You can say this pre-season has brought a keen sense of frustration, anxiety, and betrayal but you can't say it hasn't been memorable.
Looking at this pre-season through the lens of the past few years it is almost as if Daryl Morey and the Rockets front office had been composing a symphony. Beginning at the jangled, broken wreckage of the careers of Yao Ming and Tracy McGrady the Rockets executed trades that passed by the consciousness of NBA fans with little notice.
But all those trades had been building a theme out of odd phrases, off notes and cast offs - that the Rockets burgeon with good, if not great, veteran players, and young players with untapped potential. There was a foundation of reliable, and not aged, veterans. There was a brace of talented young players written off too soon. Added to that were a few enigmas with equal potential to be waived, or yet become genuine stars. Where could it all lead?
It lead to a trade, one like few others. The Rockets had built from rubble to a crescendo that would bring Pau Gasol, evidently past the age 30 Big Man Abyss*, and then, surely, another big man who would seize the main chance of joining Pau in front court that could contend for the NBA's best. The violins were weeping for favorites gone away, but the brass was beginning to sound a triumph, a contending Rockets team brought out of nothing, no high lottery picks, no headline player signings. Thus a masterwork, signaling bright new days for the Houston Rockets.
Then the cliched needle gouged its way across the vinyl - the NBA and David Stern killed the music dead. Sure there was an effort to revive the deal, to pay more, but the conductor had suffered a serious blow to the forehead, the musicians weren't on the same page and anything further wouldn't sound the same at all.
Now what? Now Jump.
It's almost impossible to understand the magnitude of what the NBA did in its context. First, they emasculated Dell Demps, their own choice as Hornets GM, who had worked a good trade for a player who was surely, unquestionably, not staying with the Hornets, no matter who owned them.
One might speak of value to a future owner in New Orleans, but a team that makes the playoffs then rebuilds could easily be more valuable than a team that has no hope, no attendance and only one player of any value - the putative lottery pick. The NBA has negotiated all of Paul's suitors away for now, and New Orleans remains a shambles. Remember that Scola or Martin on short or expiring deals could bring picks or players to New Orleans, too.
Note also, games are starting soon and New Orleans, as of a day or so ago, had exactly 7 players under contract and available. Demps wasn't just filling a roster, he was adding real value - Lamar Odom (now a Maverick, and Mark Cuban is back to being pond scum, if indeed he was ever anything else), Kevin Martin, Luis Scola, Goran Dragic to go with Emeka Okafor, Jarret Jack, Trevor Ariza and throw in a first round pick to aid the rebuilding to come. That's actually a good team, particularly given the shaky nature of the Western Conference this year (once unthinkable, now true, I'll write on it sometime soon). That team can fill it up, and still has defenders on the court in the form of Ariza and Okafor.
That team does not, and will not, ever exist because the NBA knows better than the manager they themselves picked.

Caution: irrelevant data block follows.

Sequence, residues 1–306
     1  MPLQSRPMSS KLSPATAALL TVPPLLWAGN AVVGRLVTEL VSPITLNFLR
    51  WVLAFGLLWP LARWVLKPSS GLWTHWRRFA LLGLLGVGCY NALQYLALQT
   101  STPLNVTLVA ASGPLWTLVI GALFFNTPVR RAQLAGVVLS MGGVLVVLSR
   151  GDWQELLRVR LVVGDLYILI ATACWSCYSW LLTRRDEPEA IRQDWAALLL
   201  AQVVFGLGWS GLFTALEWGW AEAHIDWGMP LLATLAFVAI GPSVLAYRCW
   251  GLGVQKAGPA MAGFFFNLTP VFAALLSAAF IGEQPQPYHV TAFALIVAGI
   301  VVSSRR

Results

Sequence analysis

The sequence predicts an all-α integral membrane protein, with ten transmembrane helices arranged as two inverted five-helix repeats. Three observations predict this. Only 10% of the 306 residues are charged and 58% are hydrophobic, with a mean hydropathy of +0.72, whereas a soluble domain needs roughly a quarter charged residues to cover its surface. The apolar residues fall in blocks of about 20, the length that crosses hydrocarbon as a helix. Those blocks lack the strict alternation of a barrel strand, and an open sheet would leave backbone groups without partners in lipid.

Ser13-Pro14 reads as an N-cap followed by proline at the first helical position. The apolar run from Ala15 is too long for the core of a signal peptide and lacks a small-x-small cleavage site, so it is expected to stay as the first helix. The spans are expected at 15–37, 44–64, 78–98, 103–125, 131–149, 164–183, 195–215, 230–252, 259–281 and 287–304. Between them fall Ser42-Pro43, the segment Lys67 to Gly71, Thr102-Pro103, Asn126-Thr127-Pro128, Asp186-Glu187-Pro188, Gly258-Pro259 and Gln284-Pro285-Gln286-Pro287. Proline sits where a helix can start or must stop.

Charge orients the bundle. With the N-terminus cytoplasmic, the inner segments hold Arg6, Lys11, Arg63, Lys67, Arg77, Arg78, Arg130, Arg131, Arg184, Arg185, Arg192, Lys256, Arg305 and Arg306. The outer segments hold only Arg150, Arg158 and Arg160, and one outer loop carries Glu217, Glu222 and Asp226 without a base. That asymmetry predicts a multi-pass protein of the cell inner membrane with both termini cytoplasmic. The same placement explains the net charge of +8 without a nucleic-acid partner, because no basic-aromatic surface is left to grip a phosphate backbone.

Even the Lakers got screwed. I would never have dreamt it possible if I didn't see it happen. The Lakers were eager to get their payroll down from $90 million, despite their staggering local TV deal. Apparently they decided that the defeat at the hands of Dallas marked the end of an era. Phil Jackson's departure clearly delineates it as such, as Phil goes when the going is good, and at no other time - ever. So, move some salary, get Kobe Bryant a partner who can wring the most from his twilight years and tell Andrew Bynum (or maybe Dwight Howard) that its his frontcourt now. We saw a rejuvenated Paul singlehandedly win playoff games. We've seen Kobe do the same. Who's to say it would fail? Not even the Lakers were immune to the dog-in-the-manger tactics of Dan Gilbert, Pond Scum Cuban, et al.
Now David Stern must be reevaluated. I've always been a moderate defender of Stern as a man who accomplished what he set out to do, and built the NBA into the most internationally viable of American sports. Now? He looks like an old man, raging at the dying of the light, but raging, clearly, in the wrong direction. Always better to leave too early than too late, and by choosing (and make no mistake the owners chose it) to make this management-labor battle his final legacy, and then this, David Stern demonstrated that he overstayed his time. I don't think there's any going back, but who replaces him? Jackson and Litvin, his doughty lieutenants at the Battle of New Orleans? I hope not.
As for the Rockets, you've told key players they were traded, said sorry, but that this is the business we've chosen. Now those players are back. Luis Scola is a pro's pro, and he will bring maximum effort and be happy not to move his young family. Kevin Martin is a mercurical brooder. I expect he'll be fine, might even want to prove a point, but the NBA is the most human of the major sports. No one is anonymous, there's no hat or facemask to hide behind and humanity is revealed for good or bad, game to game and play to play. Just another cost for the Rockets to bear.
So the symphony Daryl Morey composed of broken bits, discards, waifs and strays now lies upon the hardwood with a FanTastic knife wound between the shoulder blades.. The big men are all signing big offer sheets elsewhere. The Rockets are still chock full of talent, potential and friendly contracts, with no place to put them.
Now what? Stay tuned.
* Big Man Abyss - centers, if they remain healthy and effective at 30 tend to remain effective into their mid 30s. Hakeem made it past the Abyss, Yao did not.